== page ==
Causes of UTIs in children 

Most urinary tract infections (UTIs) in children are caused by bacteria that normally live in the digestive system getting into the urethra (the tube that carries urine out of the body).

In young children, bacteria can enter the urethra when they wipe their bottom after going to the toilet, and soiled toilet paper comes into contact with their genitals.

This is more of a problem for girls than boys, because girls' bottoms are much nearer the urethra.

Babies who soil their nappies can also sometimes get small particles of stool into their urethra, particularly if they squirm a lot when being changed.

Increased risk

There is usually no obvious reason why some children develop UTIs and others do not.

However, some children may be more vulnerable to UTIs due to a problem with bladder emptying. Normally, we empty our bladder completely when going to the toilet. If urine is left in the bladder, it can allow bacteria to grow and an infection to develop.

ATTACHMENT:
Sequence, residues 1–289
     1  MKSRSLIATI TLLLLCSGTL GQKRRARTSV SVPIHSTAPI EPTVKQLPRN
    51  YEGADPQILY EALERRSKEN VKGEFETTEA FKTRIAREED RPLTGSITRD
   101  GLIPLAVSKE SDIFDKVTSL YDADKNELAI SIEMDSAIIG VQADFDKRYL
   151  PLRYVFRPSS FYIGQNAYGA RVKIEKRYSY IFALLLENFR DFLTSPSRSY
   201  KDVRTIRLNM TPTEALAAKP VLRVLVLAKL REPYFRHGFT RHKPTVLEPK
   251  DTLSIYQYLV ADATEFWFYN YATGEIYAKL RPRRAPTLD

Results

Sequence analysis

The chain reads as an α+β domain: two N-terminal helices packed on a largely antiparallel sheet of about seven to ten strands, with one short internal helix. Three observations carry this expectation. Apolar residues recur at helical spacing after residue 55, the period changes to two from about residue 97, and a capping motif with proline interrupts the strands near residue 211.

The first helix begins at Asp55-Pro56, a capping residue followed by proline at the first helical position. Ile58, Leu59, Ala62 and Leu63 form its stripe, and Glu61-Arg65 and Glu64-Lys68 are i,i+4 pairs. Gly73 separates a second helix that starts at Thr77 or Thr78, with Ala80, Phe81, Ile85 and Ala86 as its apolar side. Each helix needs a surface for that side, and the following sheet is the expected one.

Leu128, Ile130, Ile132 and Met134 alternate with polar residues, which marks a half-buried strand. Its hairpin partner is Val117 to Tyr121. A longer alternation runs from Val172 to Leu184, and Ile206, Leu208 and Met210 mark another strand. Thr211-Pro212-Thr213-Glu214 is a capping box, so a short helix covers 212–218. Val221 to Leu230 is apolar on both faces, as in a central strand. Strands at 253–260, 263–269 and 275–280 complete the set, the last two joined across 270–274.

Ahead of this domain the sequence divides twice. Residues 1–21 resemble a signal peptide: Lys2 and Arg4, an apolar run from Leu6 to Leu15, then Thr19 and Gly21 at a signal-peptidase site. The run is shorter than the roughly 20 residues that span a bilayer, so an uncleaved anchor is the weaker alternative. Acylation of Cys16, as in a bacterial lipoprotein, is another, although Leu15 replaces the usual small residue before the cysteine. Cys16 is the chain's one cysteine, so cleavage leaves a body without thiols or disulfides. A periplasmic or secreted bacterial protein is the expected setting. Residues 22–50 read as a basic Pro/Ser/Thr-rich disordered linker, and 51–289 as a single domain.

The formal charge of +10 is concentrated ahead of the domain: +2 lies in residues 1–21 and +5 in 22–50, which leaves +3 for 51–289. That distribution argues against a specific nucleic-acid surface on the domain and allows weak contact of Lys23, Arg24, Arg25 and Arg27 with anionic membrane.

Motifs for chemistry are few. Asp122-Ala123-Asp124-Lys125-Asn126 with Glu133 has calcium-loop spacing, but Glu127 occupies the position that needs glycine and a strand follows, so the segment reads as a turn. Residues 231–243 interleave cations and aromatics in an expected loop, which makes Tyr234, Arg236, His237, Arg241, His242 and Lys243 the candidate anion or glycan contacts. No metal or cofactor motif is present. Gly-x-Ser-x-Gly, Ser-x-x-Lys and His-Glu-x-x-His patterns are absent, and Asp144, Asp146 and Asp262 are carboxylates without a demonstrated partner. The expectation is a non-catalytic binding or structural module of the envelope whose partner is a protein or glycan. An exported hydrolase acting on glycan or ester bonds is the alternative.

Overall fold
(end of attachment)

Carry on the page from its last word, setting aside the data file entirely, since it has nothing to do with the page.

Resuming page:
Problems that can affect bladder emptying include:

  • constipation  this can sometimes cause part of the large intestine to swell, which can put pressure on the bladder and prevent it from emptying normally
  • dysfunctional elimination syndrome  a relatively common childhood condition where a child "holds on" to their urine, even though they have the urge to urinate
  • vesicoureteral reflux  an uncommon condition where urine leaks back up from the bladder into the ureters (the tubes connecting the kidneys and bladder) and kidneys. This occurs due to a problem with the valves in the ureters, where they enter the bladder

Page last reviewed: 04/06/2014

Next review due: 04/06/2016